KEYSTONE WHEEL REPAIR. KEYSTONE WHEEL
KEYSTONE WHEEL REPAIR. WINDOWS CD REPAIR. GENERAL HOME REPAIR AND MAINTENANCE.
Keystone Wheel Repair
Conrail GP-30 #2233
According to the Railroad Museum of Pennsylvania, this powerful general purpose GP-30 diesel electric locomotive was designed for both high speed and heavy low speed freight trains. Having already replaced most steam locomotives in the 1950's, railroads now demanded larger and more powerful diesels to supplement and replace the earlier models. This marked the beginning of what is now commonly called the "Second Generation" of diesels. Thow of the three top diesel manufacturers in the country, General Electric and Alco, introduced their first high horsepower lines in 1960. In an effort to keep pace, the Electro Motive Division of General Motors (EMD) unveiled the first GP-30 in 1963.
The GP-30 used the same engine as many earlier locomotives, including our GP-9 No. 7006, but added a turbocharger, new electronics and a new air blower and filtration system to get the most out of the model 465 prime mover. Its horsepower to weight ratio was unusually high for a single unit carried by two 4 wheel trucks; the standard 1500 horsepower diesel freight locomotive of the 1960's era weighted 115 tons. The internal arrangement of these new features lead to the distinctively styled roofline, unique to the GP-30's.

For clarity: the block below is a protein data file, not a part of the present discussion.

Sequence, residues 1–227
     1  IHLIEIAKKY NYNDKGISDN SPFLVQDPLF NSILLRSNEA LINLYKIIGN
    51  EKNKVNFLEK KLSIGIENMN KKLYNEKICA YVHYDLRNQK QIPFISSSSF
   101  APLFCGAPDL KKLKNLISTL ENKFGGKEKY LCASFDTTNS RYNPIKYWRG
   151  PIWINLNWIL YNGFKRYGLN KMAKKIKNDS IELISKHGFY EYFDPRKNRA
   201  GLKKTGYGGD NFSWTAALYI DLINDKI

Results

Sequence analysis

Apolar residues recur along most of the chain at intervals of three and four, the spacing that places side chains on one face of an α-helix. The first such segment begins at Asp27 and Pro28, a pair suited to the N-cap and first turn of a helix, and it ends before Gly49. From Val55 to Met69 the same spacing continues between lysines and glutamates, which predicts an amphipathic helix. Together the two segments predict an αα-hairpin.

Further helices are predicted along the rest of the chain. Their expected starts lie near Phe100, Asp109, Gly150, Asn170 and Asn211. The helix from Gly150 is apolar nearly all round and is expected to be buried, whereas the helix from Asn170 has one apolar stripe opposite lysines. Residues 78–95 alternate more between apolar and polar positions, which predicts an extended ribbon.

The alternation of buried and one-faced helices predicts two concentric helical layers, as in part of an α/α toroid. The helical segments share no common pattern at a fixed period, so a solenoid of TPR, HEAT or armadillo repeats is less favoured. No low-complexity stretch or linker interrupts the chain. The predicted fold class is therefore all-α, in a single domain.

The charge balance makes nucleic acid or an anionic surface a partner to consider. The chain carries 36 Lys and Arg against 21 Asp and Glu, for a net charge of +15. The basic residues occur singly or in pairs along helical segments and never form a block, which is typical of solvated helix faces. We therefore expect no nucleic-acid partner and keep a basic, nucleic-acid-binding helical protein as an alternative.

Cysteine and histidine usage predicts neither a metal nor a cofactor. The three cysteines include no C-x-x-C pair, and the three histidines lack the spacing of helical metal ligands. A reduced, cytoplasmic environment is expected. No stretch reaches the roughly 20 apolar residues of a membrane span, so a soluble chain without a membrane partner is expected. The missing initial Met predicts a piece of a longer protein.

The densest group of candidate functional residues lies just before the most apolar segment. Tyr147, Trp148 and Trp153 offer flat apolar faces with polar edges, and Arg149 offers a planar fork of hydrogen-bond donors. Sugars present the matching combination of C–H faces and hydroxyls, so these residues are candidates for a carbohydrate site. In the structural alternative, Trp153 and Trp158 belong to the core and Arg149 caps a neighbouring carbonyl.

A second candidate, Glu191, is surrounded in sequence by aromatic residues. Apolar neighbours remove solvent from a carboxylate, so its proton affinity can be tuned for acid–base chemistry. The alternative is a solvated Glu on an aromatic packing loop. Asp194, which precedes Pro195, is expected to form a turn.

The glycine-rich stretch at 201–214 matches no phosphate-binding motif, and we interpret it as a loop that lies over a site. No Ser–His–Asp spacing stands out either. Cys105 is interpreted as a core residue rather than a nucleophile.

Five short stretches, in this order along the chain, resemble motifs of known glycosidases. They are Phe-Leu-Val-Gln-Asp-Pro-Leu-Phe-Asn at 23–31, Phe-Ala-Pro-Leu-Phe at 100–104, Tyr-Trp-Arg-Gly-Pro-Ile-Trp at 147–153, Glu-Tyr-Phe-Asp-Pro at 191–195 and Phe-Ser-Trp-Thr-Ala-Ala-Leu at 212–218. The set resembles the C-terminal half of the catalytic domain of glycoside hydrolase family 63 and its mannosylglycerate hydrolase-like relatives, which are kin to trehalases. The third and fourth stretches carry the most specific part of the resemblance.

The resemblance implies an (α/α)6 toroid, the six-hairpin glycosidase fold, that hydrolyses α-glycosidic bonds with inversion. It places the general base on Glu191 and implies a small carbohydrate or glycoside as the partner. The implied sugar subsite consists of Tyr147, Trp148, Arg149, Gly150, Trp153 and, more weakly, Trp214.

Not long after the GP-30 was introduced, newer and more powerful models were unveiled. These improved locomotives quickly replaced the GP-30's on the premier mainline trains. Many GP-30's were reassinged to hevier mainline trains, or yard and local switching jobs. Like driving in the city as opposed to driving on an expressway, these new roles placed much harder loads on the locomotives, making them old before their time. By the mid 1980's , GP-30's were becoming rare on America's railroads.
The Pennsylvania received 52 GP-30's, including No. 2233, in 1963. Painted in a somber shade of solid Brunswick Grean, the only ornamentation on the locomotives were the number under the cab window and two small keystone decals applied to the ends and sides.
No. 223 became part of Penn Central's roster on its creation in 1968, trading its dark green pait for black. THe Penn Central operated 62 GP-30's, including the 52 from Pennsylvania and 10 from the New York Central. The success of Penn Central, much like that of the GP-30's, was brief in 1976, No. 2233 became part of the new roster of the Consolidated Rail Corporation, known as Conrail.
Conrail's fleet of GP-30's also included 20 units inherited from the Reading. Although the GP-30's were among the newest on Conrail's roster in 1976 (only about 13 years old), most were taken out of service within the railroad's first decade of operation. Conrail sold No. 2233 to the West Shore Railroad in 1985, where it was returned to its PRR livery and served on excursion, dinner trains, and occasional freight runs through the 1990's. In 1998, the locomotive was donated to the Railroad Museum of Pennsylvania. Four years later, No. 2233 was sent to Altoona one last time to be restored to Conrail livery by the locomotive repair shots of Norfolk Southern.
Continuing along our flightpath from Salt Lake City to Orlando, we flew over Keystone Ski Resort just after passing Dillon Reservoir (see previous photo).
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